The Ruby Window. Nothing’s more cosy coming up to Christmas than a good old Victorian murder mystery, right? Unless Wyndminster’s own serial killer, the Dust Squire, has stepped out from the past.
The Lost Rivers. A Wyndminster Decameron. Ten weeks, ten speakers, one hundred stories, a linked miscellany of histories, herstories, mysteries, memories, recipes, wolves, legends, ghosts, killers, treasure, jokes, puns, tunnels, creatures, horrors, saints, research, testimonies, turnips, graves, books and birds about the Lost Rivers of Wyndminster.
The Emerald Hall. Is the Wolf real? Everything points to him just being a figment of the imagination, an expression of fear. Threat sometimes whispers through time, and while some old stories are fanciful, others may be warnings.
I felt very drawn to putting myself through studying psychology. It was fascinating, although frankly a new way of thinking at times as I had not studied a science, or the dreaded statistics before. I'm very interested in the mechanics of thought, and keep finding new ways to explore that enquiry, through art, writing, psychology, science, heritage and especially where these disciplines intersect. I'm fascinated by gallery and museum practice, and have developed a unique perspective, with experience as a practising artist, a curator and gallerist, a reviewer and assessor, and having conducted my own psychology study comparing artists and non-artists. I love all those questions and debates about what is put in galleries, how it's shown and interpreted, and above all, how it is experienced by the viewer. I've worked on projects, applying research insights to archives and other institutions, and have researched and written catalogue pieces for contemporary and heritage exhibitions.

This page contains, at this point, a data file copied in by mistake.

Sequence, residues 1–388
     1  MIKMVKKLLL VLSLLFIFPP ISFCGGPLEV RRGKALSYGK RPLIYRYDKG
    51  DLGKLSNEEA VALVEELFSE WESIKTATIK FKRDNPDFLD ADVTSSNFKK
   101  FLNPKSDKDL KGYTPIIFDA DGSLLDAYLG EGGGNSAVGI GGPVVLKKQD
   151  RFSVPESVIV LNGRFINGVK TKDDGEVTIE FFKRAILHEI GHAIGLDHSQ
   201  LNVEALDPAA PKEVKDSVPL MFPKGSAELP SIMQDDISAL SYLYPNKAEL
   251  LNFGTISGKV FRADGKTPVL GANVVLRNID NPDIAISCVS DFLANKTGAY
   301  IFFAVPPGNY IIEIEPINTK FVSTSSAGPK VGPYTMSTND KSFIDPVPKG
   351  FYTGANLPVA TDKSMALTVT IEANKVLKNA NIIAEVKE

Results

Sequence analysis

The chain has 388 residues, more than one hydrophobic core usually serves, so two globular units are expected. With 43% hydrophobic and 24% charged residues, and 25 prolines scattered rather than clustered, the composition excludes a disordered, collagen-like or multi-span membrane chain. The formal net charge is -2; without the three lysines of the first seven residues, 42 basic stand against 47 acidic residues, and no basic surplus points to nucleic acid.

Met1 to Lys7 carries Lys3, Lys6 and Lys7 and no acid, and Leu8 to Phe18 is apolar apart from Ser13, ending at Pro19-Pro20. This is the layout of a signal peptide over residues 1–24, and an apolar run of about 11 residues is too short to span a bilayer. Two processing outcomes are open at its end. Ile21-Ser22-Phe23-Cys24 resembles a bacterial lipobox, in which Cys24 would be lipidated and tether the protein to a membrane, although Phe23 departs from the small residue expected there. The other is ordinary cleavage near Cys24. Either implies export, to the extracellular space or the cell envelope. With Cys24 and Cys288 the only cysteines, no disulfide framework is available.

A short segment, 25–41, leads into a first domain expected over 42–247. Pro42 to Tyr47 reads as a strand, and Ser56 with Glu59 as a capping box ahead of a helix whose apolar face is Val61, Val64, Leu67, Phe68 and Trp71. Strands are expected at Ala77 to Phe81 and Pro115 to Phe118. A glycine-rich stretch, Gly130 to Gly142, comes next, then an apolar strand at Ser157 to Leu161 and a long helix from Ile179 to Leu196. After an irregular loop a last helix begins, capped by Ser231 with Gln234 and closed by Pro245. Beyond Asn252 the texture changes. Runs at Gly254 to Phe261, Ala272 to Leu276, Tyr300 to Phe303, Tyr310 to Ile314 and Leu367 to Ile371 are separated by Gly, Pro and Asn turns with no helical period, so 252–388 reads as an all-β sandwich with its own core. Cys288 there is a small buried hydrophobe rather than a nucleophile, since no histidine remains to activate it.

I feel very fortunate that I've been able to have a parallel career as an assessor and reviewer of books and the arts. I think critique to a set of criteria is so important, and it seems to be a diminishing trade at the moment. The assessor or reviewer is practised in examining all sorts of aspects of a work and its presentation, seeing if it does what it says on the tin - exhibition, novel, film, whatever it is. So often the customer journey is overlooked or assumed in the arts - there are many brilliant examples of great practice, but others where perhaps only one curator or director has a view, and misses out on diverse approaches to art and differences in access.